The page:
As I moved through my thirties, my quest for hipness took on the subtle acridity of desperation. It was no longer about the music, but it was about me – and the inescapable, quickening pace of middle age. It became imperative that my musical tastes NOT recede into the realm of oldies. I hoped to will myself to remain “young”[ref]Whatever that means.[/ref] by frequently stripes hold hivesscouring away the inactivity-induced gunk in my brain’s music-processing gears with sonic blasts of new guitar rock. I introduced new music as often as possible. I kept those gears spinning on fresh blasts of White Stripes, The Hold Steady, The Hives, Franz Ferdinand …

I believed I was staying hip …

I maintained my machinery in this way into my forties housewife– perhaps not as diligently, but always with the intention of staying hip and warding off “Oldies.” Like a young, 60s
housewife in the swelling tide of the Women’s Liberation movement desperately trying to ward off feelings of personal discontent by fervently cleaning her house, I kept seeking out guitar-based rock to stay young. It was challenging work keeping those gears clean – work for which a father of active, free-time-sucking elementary school age kids is ill equipped – but I did my best.

But as I approach 50[ref]What the fuck?[/ref] I’ve come to realize this: the level of griminess of my mental musical gears plays no role whatsoever in my hipness. And in fact, I’m not even equipped to stay “hip” – musically, anyway. My music-appreciation machinery works perfectly well for guitar-based rock music, and it always will. gearsBut guitar-based rock music isn’t the kind of music that makes one “hip” in 2015. I can clean and polish and lubricate my gears all I want, but the fact of the matter is that they aren’t connected to the proper chains and pulleys to stay musically hip. In fact, the gears, chains and pulleys performing the tasks of popular music comprehension and appreciation were long ago replaced by software, fiber optics and WiFi. axel fThe transition started in earnest right around 1985, when “Axel F.” topped the charts. Even then it didn’t seem like much of an upgrade to me.[ref]I specifically recall complaining about the suckiness of “Axel F.” to friends a year or two younger than me. “It’s not even made my real instruments!” I said. “That’s what makes it so cool!” they replied. They were Early Adopters of the new music appreciation technology.[/ref] My apparatus worked fine! Why change?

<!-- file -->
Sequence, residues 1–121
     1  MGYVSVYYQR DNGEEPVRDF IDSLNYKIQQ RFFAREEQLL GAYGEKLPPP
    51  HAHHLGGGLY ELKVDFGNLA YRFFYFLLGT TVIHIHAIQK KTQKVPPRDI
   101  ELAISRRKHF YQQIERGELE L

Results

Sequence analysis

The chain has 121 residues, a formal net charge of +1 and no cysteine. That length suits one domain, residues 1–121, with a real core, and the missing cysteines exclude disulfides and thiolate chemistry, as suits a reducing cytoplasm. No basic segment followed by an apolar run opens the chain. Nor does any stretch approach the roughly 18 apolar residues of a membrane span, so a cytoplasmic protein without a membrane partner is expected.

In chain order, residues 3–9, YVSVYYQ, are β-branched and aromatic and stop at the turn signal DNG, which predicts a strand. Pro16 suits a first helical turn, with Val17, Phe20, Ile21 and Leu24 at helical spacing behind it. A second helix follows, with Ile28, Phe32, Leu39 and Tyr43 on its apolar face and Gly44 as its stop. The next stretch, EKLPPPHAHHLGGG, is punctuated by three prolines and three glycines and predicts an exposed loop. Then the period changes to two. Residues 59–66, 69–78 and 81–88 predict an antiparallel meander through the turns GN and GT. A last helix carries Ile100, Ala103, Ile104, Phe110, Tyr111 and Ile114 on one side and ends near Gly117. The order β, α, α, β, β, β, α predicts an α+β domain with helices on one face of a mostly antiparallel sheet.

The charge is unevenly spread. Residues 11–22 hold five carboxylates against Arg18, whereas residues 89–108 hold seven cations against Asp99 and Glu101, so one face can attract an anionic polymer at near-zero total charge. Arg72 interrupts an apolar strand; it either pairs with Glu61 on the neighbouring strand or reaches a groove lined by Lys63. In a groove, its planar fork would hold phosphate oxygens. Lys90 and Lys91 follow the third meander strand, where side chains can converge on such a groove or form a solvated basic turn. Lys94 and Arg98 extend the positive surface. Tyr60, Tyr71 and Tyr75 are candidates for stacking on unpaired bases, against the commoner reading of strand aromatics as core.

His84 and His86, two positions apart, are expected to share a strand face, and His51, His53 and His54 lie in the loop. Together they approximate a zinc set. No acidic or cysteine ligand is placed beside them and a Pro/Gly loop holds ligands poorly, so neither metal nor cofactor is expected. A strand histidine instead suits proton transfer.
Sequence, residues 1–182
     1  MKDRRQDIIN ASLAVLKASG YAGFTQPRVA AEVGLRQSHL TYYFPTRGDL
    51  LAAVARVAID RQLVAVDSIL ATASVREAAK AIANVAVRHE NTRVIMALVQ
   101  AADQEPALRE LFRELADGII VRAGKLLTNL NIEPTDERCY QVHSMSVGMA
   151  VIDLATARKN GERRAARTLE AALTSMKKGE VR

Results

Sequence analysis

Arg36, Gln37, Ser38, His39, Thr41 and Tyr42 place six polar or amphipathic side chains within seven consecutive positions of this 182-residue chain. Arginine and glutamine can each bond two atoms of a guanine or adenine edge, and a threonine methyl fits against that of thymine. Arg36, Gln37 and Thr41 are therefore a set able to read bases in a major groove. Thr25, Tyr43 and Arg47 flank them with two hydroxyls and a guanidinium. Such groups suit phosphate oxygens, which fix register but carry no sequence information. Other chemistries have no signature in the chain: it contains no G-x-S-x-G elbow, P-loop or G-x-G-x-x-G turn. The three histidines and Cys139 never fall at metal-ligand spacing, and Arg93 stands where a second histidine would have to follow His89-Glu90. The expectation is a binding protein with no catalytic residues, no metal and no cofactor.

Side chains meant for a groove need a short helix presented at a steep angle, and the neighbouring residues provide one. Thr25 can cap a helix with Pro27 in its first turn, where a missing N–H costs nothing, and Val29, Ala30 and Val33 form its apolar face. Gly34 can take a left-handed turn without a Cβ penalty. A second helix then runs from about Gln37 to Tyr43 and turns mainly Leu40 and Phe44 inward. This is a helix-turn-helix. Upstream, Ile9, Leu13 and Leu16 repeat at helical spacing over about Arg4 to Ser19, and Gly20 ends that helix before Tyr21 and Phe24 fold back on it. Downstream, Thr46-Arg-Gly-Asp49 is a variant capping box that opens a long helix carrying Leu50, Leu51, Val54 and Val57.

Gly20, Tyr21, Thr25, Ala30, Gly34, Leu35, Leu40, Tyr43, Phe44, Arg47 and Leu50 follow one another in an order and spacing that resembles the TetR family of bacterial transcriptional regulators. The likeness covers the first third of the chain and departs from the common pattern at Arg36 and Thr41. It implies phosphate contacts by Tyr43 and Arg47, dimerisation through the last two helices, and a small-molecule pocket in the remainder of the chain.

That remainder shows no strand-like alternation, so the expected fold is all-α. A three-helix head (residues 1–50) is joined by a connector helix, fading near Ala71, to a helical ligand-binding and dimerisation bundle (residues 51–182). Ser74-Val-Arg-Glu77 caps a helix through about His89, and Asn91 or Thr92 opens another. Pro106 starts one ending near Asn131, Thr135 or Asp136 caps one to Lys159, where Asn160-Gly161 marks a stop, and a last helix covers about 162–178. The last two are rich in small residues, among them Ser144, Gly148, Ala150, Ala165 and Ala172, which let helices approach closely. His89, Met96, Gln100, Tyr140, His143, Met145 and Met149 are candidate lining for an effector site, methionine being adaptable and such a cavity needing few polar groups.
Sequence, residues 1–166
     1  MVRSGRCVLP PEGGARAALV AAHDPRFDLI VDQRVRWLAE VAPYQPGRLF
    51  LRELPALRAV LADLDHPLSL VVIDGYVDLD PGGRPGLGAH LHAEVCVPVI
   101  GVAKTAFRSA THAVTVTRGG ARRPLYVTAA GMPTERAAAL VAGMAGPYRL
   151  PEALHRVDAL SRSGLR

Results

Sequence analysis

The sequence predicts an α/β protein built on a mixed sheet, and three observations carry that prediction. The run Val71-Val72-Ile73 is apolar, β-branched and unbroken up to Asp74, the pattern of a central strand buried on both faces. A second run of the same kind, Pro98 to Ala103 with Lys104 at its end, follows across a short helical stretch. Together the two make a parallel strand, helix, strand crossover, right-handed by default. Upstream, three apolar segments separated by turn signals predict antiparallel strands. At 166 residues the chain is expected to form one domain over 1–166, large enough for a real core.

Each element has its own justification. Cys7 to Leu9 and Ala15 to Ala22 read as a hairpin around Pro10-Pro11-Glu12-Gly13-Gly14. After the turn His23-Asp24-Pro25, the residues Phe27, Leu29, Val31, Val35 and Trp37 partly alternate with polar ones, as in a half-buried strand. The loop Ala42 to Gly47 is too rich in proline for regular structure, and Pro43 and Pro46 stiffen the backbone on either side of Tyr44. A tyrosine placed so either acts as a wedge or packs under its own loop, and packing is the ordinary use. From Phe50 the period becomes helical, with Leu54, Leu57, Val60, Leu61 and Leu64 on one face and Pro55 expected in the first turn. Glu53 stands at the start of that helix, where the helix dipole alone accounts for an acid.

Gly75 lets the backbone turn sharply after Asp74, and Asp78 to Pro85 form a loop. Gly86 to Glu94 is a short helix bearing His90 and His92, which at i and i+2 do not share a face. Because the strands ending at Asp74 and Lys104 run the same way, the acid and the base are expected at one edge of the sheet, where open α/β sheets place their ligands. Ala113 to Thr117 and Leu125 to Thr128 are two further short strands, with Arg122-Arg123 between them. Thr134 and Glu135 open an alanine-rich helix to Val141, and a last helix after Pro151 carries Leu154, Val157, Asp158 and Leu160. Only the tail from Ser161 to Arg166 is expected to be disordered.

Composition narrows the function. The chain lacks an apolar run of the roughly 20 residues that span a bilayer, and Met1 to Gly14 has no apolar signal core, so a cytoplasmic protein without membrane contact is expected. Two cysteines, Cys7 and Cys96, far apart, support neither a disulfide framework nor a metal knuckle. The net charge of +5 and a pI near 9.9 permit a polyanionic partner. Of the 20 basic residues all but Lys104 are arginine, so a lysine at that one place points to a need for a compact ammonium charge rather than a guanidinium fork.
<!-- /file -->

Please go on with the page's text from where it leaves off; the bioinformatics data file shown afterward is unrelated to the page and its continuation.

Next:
My machinery can still be used to comprehend and appreciate parts of some new non-guitar rock music. My 16-year-old son will at times say, “Dad, listen to this! I think you’ll like it!” kendrick tylerThen he’ll play me some hip hop song by Kendrick Lamar or Tyler the Creator or someone else, and I’ll say, honestly, “This sounds pretty cool!” and I’ll bop my head along to it for a while. Just like how old cordless home telephones used to sometimes pick up snippets of local radio stations, somehow my mind’s appreciation apparatus can decipher enough of the song to make some sense of it. But it is fleeting, and I quickly find myself looking for a melody to hum. And then it goes away.